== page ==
Awesome! Just what I am looking for.
    Can moderator make the post a sticky?
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    #3
    sticky please!
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    #4
    Thanks for this, especially the last paragraph, it helps me align my future goals. I'm kind of surprised about CASP instead of CEH between Sec+ and CISSP but I guess it's more general knowledge, I don't often see CASP mentioned on job listings.

    I think the most difficult part about your suggested path for me would getting the experience and it's out of my control. I've read infosec demand is greater than the supply but I don't see it that way. Nearly every security position I come across is looking for a lot of highly specialized skills. Maybe I'm just in the wrong place.
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  6. Senior Member 636-555-3226's Avatar
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    Lots of security certifications, yet the more I learn, the further I have to go...
    #5
    Totally agree about the CASP. I don't think I've ever seen this on a job listing. CASP for me falls into the realm of a beginning user using certification as a way of supplementing their knowledge. CEH would be a comparable cert IMO. Will either get you a job? Probably not. Will either teach you a lot of stuff you don't already know and serve as a good deeper-dive after Security+? Yes.
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  7. Junior Member
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    #6
    Quote Originally Posted by 636-555-3226 View Post
    My suggested management path - Start your Master of Business Administration (MBA) > Network+ > Security+ > CASP > CISSP > Graduate with your MBA > CISM > CRISC > CISA. By the time you get through working through those (and have the required years of experience) you'll have a dozen new options to choose from!
    I would go like that (apart from MBA, which is up to you):
    Security+ > CISA> CISSP > CISM \ CRISC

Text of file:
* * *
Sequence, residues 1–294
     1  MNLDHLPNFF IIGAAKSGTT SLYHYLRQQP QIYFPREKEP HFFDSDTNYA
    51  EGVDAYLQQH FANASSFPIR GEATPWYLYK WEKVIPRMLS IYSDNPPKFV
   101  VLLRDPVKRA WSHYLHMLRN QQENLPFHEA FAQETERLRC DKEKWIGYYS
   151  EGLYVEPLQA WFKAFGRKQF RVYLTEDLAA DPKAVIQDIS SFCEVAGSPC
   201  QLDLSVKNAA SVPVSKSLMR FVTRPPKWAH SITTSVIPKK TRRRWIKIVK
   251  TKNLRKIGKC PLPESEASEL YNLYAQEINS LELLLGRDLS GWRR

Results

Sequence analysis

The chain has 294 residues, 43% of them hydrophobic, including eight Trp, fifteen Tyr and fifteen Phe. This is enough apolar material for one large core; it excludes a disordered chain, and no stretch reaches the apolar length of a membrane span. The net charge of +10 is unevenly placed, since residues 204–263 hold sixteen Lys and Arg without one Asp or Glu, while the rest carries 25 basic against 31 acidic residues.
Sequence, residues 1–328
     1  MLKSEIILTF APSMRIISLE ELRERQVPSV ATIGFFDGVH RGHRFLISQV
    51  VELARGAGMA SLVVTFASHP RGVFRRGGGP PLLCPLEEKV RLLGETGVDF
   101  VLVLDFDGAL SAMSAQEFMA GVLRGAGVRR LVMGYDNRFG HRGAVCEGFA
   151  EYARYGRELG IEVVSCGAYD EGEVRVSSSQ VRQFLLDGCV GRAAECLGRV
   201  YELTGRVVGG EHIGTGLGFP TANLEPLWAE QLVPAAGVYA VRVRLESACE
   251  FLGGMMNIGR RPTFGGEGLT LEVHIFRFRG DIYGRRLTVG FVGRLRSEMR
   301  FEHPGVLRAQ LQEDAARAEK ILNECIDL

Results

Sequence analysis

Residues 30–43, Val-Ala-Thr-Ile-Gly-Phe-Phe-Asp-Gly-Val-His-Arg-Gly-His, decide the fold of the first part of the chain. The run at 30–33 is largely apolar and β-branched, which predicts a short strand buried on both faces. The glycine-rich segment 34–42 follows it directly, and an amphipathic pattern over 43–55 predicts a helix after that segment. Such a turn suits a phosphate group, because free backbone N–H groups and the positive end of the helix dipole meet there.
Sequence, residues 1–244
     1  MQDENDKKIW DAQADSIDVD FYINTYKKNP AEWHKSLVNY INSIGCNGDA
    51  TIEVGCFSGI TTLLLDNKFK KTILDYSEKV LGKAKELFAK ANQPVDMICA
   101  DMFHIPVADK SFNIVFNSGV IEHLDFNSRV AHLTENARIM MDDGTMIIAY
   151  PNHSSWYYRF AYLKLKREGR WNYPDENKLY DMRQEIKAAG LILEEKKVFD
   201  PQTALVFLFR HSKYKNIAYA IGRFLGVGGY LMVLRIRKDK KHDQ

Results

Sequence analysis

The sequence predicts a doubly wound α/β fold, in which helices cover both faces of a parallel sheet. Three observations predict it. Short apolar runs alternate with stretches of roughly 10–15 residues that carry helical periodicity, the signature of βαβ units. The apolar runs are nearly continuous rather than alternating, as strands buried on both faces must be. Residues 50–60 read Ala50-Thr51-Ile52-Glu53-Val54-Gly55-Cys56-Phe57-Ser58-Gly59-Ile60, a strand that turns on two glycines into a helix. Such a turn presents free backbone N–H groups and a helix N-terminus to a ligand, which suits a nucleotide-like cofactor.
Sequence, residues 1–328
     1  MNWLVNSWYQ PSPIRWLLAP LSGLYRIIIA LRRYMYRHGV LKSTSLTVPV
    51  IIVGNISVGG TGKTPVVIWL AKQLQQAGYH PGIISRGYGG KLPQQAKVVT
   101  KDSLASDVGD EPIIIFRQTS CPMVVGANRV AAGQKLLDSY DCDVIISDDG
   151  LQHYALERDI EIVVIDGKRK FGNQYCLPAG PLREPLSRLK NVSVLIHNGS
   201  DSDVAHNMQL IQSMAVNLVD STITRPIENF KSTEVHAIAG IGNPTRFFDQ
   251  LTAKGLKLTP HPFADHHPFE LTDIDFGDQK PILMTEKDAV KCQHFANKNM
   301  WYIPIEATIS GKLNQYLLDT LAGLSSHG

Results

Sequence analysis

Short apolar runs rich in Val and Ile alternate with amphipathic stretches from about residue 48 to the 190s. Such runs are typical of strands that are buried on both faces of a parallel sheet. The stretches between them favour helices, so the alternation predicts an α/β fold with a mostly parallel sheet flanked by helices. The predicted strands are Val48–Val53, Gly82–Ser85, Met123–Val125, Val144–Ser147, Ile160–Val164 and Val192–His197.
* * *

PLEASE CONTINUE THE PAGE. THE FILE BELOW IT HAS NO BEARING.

Network+ and CASP are a waste of resources, imo
    And CISA is somewhat simpler than CISM\CRISC\CISSP while it will also give you experience waiver for other certs.

    You don't need to have them all, you just need to show steady advancement in your development.
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  8. Senior Member
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    #7
    My recommendation are somewhat similar. I include GISP as it is a really easy way to cheese out a GIAC certs cheese passed HR requirement. I totally forgot about CASP/SSCP, will look into update my site on it; thanks.

    -> (SEC+ - GSEC) - * - GISP - CISSP - CISA/CRISC - CISM

    *CEH and GCIH are good certs that can reinforce some technical knowledge that would be useful in compliance work. Great to pursue if you do not have the 4 years experience for CISSP yet.
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  9. Senior Member
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    #8
    It should be noted that every path is different and this is not the one size fits all path. Many factors come into play...undergrad degree, soft skills, experience, etc.

    Not to mention you might end up in various roles that hold different certs higher because they are more relevant than others.

    Last, the MBA is not the holy grail degree as the value has decreased over the years because so many people have it yet are worthless. You definitely should have business knowledge and a business degree either undergrad or masters definitely doesn't hurt. Your overall value comes from the total package and you have to always look at this closely.